Global stocks have fallen, plagued by a flattening yield curve that sparked concerns about an economic slowdown in the United States and weakening expectations of a lasting US-China trade truce, while the dollar steadied.
US markets were closed to mark former President George H.W. Bush's death, but the effect of Wall Street's turmoil in the previous session, when New York-listed shares tumbled more than three percent, was felt in Asia and Europe.
The MSCI's all-country index shed 0.5 percent.
Tuesday's (Wednesday NZ time) markets chaos came a day after equities boomed on optimism that China and the US had temporarily called a tariff ceasefire to sort out their trade dispute. But doubts began soon after along with President Donald Trump threatening "major tariffs" on Chinese imports if his administration failed to reach an effective trade deal with Beijing.
"As I look into next year, most expectations for further gains have been pared back. Investors have gone from extended bullishness at the start of the year on equities to an uncomfortable neutrality," said Paul O'Connor, head of multi-asset at Janus Henderson.
Trump's comments, alongside the drop in US stocks and bond yields, pushed Asian shares outside Japan 1.4 percent lower. The pan-European STOXX 600 index lost 1.16 percent.
Markets across the world have been rattled by recession fears, exemplified by the flattening US Treasury yield curve.
The benchmark Treasury 10-year yield fell to its lowest point since mid-September on Tuesday, while the spread between the 10-year yield over its two-year counterpart also shrank to the smallest since the start of the financial crisis in January 2008. That signalled to some investors an approaching US economic slowdown.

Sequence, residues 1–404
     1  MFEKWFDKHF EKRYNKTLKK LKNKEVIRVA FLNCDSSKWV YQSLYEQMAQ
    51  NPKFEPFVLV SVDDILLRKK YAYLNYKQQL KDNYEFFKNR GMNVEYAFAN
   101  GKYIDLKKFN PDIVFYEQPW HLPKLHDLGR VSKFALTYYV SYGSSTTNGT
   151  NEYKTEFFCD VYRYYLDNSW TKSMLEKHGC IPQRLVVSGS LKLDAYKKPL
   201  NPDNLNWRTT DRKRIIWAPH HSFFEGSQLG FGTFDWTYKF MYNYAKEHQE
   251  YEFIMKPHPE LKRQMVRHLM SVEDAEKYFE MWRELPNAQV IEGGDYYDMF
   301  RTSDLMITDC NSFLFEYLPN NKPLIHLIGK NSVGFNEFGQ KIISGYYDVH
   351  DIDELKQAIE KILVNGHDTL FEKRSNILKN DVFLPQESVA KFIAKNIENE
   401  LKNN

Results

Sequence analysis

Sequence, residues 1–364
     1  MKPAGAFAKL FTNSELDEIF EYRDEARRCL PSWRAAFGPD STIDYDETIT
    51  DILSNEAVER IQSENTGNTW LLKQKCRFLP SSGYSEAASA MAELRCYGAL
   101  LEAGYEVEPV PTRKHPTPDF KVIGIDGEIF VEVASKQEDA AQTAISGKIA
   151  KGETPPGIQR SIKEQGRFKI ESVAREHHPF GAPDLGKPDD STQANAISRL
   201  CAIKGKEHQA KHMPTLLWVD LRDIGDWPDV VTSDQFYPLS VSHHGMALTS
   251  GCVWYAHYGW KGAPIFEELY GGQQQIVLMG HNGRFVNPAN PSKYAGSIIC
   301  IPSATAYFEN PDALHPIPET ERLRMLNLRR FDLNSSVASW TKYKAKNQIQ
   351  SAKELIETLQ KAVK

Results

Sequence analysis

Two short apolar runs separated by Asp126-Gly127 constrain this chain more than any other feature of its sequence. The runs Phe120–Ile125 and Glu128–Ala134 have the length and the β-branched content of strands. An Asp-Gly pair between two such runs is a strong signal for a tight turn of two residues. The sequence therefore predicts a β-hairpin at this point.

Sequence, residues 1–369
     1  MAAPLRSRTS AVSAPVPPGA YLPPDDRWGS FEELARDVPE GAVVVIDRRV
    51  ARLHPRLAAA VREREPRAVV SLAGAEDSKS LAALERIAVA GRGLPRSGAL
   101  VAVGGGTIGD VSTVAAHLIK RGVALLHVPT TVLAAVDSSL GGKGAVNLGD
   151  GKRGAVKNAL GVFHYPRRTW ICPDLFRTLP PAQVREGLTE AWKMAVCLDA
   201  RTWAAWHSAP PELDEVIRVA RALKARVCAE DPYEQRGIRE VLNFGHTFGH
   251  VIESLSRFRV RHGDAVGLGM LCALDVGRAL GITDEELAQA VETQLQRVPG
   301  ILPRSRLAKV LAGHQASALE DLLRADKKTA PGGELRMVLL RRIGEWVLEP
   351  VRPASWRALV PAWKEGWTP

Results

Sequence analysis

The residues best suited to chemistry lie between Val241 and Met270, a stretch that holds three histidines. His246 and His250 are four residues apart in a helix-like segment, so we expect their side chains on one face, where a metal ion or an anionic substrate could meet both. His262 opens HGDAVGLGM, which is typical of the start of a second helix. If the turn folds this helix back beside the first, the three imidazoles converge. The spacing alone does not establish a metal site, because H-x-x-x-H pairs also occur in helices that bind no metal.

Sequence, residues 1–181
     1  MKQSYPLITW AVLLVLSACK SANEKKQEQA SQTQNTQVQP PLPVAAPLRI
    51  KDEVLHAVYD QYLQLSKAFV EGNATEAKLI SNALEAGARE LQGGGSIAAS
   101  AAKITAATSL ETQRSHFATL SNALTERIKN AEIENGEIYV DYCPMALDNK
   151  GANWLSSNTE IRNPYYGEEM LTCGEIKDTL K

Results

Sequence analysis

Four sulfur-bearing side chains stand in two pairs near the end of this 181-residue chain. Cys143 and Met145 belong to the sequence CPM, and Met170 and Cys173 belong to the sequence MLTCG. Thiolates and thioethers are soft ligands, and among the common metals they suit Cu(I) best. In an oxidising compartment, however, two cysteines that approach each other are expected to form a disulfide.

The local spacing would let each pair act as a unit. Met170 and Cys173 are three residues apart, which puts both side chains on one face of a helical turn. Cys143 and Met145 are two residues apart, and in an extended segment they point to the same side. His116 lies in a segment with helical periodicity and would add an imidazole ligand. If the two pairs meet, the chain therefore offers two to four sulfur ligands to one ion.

The flattening of the curve gained momentum after last week's signal by the Federal Reserve that it may be nearing an end to its three-year rate-increase cycle.
The dollar steadied on Wednesday after it took a hard hit in the early reaction to recession concerns and the initial thaw in trade tensions between Washington and Beijing sapped demand for the safe-haven greenback.
The greenback rose 0.32 percent against the Japanese yen and the euro gave up all its early gains to trade down 0.04 percent against the dollar.
Gold, which moves inversely with the dollar, slipped on expectations of more rate hikes following remarks from a US Federal Reserve official and as some investors booked profits after prices climbed to their highest in more than five weeks.
Palladium, on the other hand, surpassed the bullion for the first time in about 16 years, to hit a record high of $US1,263.56 per ounce as higher speculative interest and larger supply deficit boosted the auto-catalyst metal.
Markets are also bracing for more news on Brexit. British Prime Minister Theresa May suffered embarrassing defeats on Tuesday, the start of five days of parliamentary debate over her plans to leave the European Union.
The pound rose off 17-month lows of $US1.2659 hit on Tuesday to around $US1.2751, up 0.3 percent on the day, amid creeping optimism that Britain could opt to stay in the EU after all.
The threat of slowing economic activity also weighed on oil prices, but oil prices went higher on Wednesday ahead of a meeting of the world's biggest exporters who will discuss cutting output to help shore up prices and curb excess supply.
Brent crude futures rose US39 cents to $US62.47 a barrel. US West Texas Intermediate (WTI) crude futures rose US37 cents to $US53.62 a barrel.